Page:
For America's hard-working educators, great teaching and common-sense reform aren't simply policies or ideas backed by bureaucrats or legislators. Teachers are living the realities of the classroom every day. In order to promote positive change in our system, we must listen to the educators on the front lines.

For too long, individual teacher voices have fallen on deaf ears in favor of the self-preserving agenda of the teachers unions. But the public is beginning to recognize that unions, focused primarily on maintaining a system of forced dues and political power, may not have the best interest of students or even teachers in mind.

Teachers are not synonymous with unions, the way union leaders suggest; rather, they are individual professionals with ideas and opinions to bring to the education reform dialogue. According to a survey released last week by the Association of American Educators, the largest national nonunion professional educator organization, educators do not stand in solidarity with union leaders to protect the status quo. The vast majority of classroom teachers want to see students succeed at all costs, and they are supporting reform efforts like never before.

One of the most prominent themes in education reform has been the concept of raising the bar for incoming educators. Sixty-two percent of AAE-member teachers agree with the idea that just as lawyers must pass state bar exams to practice law, teachers should pass a test that measures their potential to be effective.

While the union-backed establishment has spent decades designing a system that exclusively calls for more dues-paying members, teachers aren't buying increased hiring as a cure-all to school reform. AAE members do not support the current system of uncontrolled hiring and flat-lined enrollment. In fact, 59 percent of AAE members would support a small (one- or two-student) increase in grade 4-12 class sizes to make more money available for teacher pay, more technology in the classroom and other educational programs.

With regard to school choice, AAE members support certain laws that advance choice and promote options for all stakeholders. Sixty-nine percent of survey respondents support the D.C. Opportunity Scholarship Program that awards annual scholarships to needy District children to attend a participating private or parochial D.C. school of their parents' choice. The program has received notable bipartisan support in Congress and is considered one of the most prominent choice systems in the country.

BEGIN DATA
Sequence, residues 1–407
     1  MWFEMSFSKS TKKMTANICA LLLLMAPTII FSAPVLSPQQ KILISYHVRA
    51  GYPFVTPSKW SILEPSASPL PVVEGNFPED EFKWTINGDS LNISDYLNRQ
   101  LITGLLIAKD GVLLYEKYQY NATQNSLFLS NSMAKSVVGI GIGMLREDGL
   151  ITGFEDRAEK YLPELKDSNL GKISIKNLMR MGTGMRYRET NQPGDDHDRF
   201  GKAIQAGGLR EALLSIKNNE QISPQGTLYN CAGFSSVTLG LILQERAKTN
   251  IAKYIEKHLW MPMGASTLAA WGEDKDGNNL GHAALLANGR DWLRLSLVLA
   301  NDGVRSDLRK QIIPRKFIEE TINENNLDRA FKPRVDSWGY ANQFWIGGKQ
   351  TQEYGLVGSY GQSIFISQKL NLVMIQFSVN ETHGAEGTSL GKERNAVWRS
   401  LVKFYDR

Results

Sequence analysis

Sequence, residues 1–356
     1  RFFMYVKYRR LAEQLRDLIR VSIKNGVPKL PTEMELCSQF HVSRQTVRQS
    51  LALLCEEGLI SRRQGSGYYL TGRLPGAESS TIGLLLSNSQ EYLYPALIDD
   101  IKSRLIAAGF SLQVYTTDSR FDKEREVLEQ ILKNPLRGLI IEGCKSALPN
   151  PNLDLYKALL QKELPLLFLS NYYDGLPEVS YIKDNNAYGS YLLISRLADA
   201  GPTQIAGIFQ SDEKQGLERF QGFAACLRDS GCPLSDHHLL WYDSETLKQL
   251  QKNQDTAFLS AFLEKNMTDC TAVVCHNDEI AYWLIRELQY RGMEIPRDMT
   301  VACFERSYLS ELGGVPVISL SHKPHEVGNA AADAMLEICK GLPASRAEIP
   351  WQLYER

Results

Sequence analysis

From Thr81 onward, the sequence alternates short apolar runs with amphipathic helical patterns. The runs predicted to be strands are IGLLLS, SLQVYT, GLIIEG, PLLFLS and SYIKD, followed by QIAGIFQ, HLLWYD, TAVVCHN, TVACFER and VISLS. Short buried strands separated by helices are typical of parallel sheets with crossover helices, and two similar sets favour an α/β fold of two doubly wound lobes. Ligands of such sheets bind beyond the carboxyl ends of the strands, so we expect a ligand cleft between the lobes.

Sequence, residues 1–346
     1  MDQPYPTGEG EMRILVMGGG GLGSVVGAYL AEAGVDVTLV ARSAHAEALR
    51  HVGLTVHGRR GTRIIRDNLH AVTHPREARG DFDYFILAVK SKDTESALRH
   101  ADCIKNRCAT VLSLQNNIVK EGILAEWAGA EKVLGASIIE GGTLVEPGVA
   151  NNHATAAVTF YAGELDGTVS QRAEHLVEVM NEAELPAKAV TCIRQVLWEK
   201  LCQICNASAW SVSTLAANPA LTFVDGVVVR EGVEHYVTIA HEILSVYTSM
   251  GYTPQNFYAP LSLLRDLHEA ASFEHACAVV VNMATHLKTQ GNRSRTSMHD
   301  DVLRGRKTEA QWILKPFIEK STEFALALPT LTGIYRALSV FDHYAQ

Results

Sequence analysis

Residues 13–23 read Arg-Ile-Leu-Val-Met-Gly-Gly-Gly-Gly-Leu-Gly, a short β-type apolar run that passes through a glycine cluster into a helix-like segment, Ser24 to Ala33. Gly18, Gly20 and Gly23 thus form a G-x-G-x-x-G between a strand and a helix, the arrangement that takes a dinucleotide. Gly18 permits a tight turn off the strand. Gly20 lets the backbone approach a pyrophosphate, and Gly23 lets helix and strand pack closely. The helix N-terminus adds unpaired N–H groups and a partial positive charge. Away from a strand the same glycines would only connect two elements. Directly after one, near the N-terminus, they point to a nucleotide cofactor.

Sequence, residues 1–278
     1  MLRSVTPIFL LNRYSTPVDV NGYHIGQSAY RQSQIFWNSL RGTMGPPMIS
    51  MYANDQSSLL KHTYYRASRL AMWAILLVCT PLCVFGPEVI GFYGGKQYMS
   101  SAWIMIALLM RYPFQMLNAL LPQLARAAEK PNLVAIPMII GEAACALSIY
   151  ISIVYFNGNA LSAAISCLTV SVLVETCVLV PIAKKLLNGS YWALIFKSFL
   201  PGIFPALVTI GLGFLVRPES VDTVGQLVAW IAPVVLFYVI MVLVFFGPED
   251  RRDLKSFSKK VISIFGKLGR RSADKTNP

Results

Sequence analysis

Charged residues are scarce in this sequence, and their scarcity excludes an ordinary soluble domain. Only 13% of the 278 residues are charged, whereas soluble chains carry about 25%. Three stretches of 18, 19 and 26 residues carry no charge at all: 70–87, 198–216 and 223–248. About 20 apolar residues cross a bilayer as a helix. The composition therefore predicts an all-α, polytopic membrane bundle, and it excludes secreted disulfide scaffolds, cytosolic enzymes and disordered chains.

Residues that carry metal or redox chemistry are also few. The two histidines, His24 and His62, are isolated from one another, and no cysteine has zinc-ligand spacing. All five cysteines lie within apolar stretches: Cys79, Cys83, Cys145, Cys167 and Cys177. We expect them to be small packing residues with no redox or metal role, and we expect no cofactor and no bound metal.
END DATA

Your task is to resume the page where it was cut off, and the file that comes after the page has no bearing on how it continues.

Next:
Similarly, 68 percent of member educators support an Indiana law that provides a tax credit to parents who send their children to a private or parochial school of their choice. Another 74 percent of survey respondents support Arizona's Empowerment Scholarship Accounts, which allow parents of students with special needs to use state education dollars in schools that meets those needs.

Furthermore, as new technologies make it possible for students to learn at their own pace, states across the country are implementing polices that offer and encourage online learning. According to the data, 64 percent of AAE-member teachers support a Florida law that guarantees access to online course work. Another 67 percent of survey respondents agree with a Virginia law that requires students to take at least one online course to graduate.

These powerful data demonstrate that teachers' unions are out of touch with the opinions of many classroom teachers. It is this disconnect that has caused thousands of teachers to leave unions for nonunion professional associations like ours, which offer many of the benefits they need without the union baggage.

In considering new common-sense reforms as we move forward, policymakers and other stakeholders need to know that hundreds of thousands of classroom teachers are indeed agreeable to policies that put students ahead of labor union interests.

Gary Beckner is executive director of the Association of American Educators.